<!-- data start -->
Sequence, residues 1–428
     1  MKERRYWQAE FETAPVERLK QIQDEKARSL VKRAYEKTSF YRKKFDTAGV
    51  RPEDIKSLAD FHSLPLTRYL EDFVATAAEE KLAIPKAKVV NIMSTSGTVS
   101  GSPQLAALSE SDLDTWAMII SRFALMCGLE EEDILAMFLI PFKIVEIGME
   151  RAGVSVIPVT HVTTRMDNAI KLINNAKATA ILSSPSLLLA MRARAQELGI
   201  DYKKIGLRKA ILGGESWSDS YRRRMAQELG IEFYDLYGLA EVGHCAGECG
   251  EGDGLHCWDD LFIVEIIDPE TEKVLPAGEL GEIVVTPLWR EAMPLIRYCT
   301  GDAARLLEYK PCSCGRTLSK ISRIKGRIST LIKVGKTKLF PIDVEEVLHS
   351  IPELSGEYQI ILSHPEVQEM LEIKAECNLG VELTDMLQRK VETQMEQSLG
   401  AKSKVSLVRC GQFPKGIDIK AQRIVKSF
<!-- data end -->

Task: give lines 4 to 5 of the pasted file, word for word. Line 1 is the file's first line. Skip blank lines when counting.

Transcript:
   101  GSPQLAALSE SDLDTWAMII SRFALMCGLE EEDILAMFLI PFKIVEIGME
   151  RAGVSVIPVT HVTTRMDNAI KLINNAKATA ILSSPSLLLA MRARAQELGI